9: Begin gathering for march at Memorial Bell Tower
9:15: March to the PMAC Building
9:40 – 11: The Rebuttal Rally
11: March to LSU Student Union for Networking Break
Noon-1:30: Panel Discussion
2-3: Workshop Session
Topics: Social Media Activism, Grassroots Lobbying, Direct Action, Intersectional Coalitions
We, students at Louisiana State University, are joining together to support each other and to work for a stronger Louisiana. Organize, Reflect, Act is a community response to an event organized by the American Family Association (AFA) on January 24 at LSU. Unlike the AFA, we believe that embracing our differences, rather than repressing them, is the key to building the kind of state we want to live in. That state looks very different than the one AFA envisions. We imagine a state that values and protects the lives and contributions of all Louisianians. We find strength in our diversity, traditions and spiritual beliefs.
In addition to a nonviolent rebuttal protest, we are also hosting break-out sessions to provide trainings for people on how to be more effective community organizers in their areas of interest ranging from social media usage to direct action, and more.
To conclude our events for the day we will be hosting a panel discussion on how we can bring about the kind of justice that is sorely needed in Louisiana and how we can move forward making our state more loving, more inclusive and closer to our values through our words and deeds.
On January 24, the AFA will host a prayer rally at the Pete Maravich Assembly Center on the LSU main campus in Baton Rouge in an effort to position himself as a presidential candidate.
The American Family Association, a radical outside organization that, in addition to supporting the passage of Uganda’s anti-gay law which calls for LGBT Ugandans or anyone “promoting homosexuality” to be jailed – potentially for life, has expressed all of the following publicly:
- LGBT people are to blame for the Holocaust.
- Hurricane Katrina and other natural disasters occurred because of the nation’s growing legal acceptance of the LGBT community.
- Native Americans should have adapted to white culture to avoid mass genocide.
- Muslims are a threat to national security.
- Eric Garner, who was killed in a chokehold by a police officer, was to blame for his own death.
This organization claims to be part of a moral majority, but we know that there is no morality in their words. There is no morality in hate.
We can’t sit back and let the AFA chart a vision for our state that doesn’t value and protect everyone. It is our responsibility to come together and fix the problems of the place we call home. We need diverse voices in order to truly do that. We need your voice. So, come join us on January 24 at 9 a.m!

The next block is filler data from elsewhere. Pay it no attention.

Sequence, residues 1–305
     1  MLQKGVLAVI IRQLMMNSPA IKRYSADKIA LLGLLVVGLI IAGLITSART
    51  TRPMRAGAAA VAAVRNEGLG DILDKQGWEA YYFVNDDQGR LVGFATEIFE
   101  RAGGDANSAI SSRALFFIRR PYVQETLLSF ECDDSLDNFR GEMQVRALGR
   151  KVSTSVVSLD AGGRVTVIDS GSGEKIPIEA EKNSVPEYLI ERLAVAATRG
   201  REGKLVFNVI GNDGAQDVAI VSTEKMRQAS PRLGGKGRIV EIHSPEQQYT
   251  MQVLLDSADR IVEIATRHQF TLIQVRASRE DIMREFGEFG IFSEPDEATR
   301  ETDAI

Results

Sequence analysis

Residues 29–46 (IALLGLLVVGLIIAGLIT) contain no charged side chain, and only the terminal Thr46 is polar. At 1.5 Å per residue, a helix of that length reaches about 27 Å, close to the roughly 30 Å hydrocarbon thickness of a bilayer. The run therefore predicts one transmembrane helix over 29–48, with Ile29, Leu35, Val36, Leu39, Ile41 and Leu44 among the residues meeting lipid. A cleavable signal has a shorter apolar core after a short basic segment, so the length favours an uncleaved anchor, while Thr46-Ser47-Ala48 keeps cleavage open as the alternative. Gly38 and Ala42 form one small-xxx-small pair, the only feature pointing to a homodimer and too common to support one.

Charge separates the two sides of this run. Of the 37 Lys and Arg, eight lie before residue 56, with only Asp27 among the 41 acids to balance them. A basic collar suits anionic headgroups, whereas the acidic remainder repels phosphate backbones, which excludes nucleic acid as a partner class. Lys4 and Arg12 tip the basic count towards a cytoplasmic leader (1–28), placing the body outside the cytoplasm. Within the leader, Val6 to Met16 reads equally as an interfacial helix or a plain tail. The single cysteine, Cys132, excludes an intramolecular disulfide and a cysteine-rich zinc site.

The Louisiana LGBTQ Business List
NOW Shreveport – Bossier
Forum For Equality
Capital City Alliance
Louisiana Progress Action
National Council of Jewish Women
Join community activists from Baton Rouge to start a dialogue, stop the violence and stop the tears.
Sybrina Fulton (Trayvon Martin’s mother and founder of the Trayvon Matrin Foundation)
Arthur “Silky Slim” Reed (Community activist and filmmaker)
Deric Muhammad (Community activist and author)
Dee-1 (Hip hop artist)
Some of the nations most vocal activists and organizers will gather with the community to openly voice and discuss what’s happening in America and what’s happening in the urban community. We will focus on why this is being called the New Civil Rights Era, police brutally, and urban violence, along with who benefits from the stand your ground laws and if its for all Americans or just a select few.
There will also be a very special focus on grieving mothers who have lost their children to violence and senseless killings. Be the first to get a sneak peek at the sequel to the award-winning documentary To Live and Die In Amerikkka.
This is a community event and your presence is requested be there.
Watch WBRZ’s interview with Arthur ‘Silky Slim’ Reed about the event:
Bring your family, bring your friends, bring anyone you know, and take action for equality with others in your community!
Together with Capital City Alliance, Baton Rouge Pride Fest, MCC Baton Rouge, PFLAG Baton Rouge and Spectrum, Equality Louisiana (EQLA), the statewide coalition of LGBT and allied advocacy groups, will host a free workshop open to everyone in the Greater Baton Rouge area.
**The event will take place in the large meeting room on the second floor for the Barnes and Noble at LSU.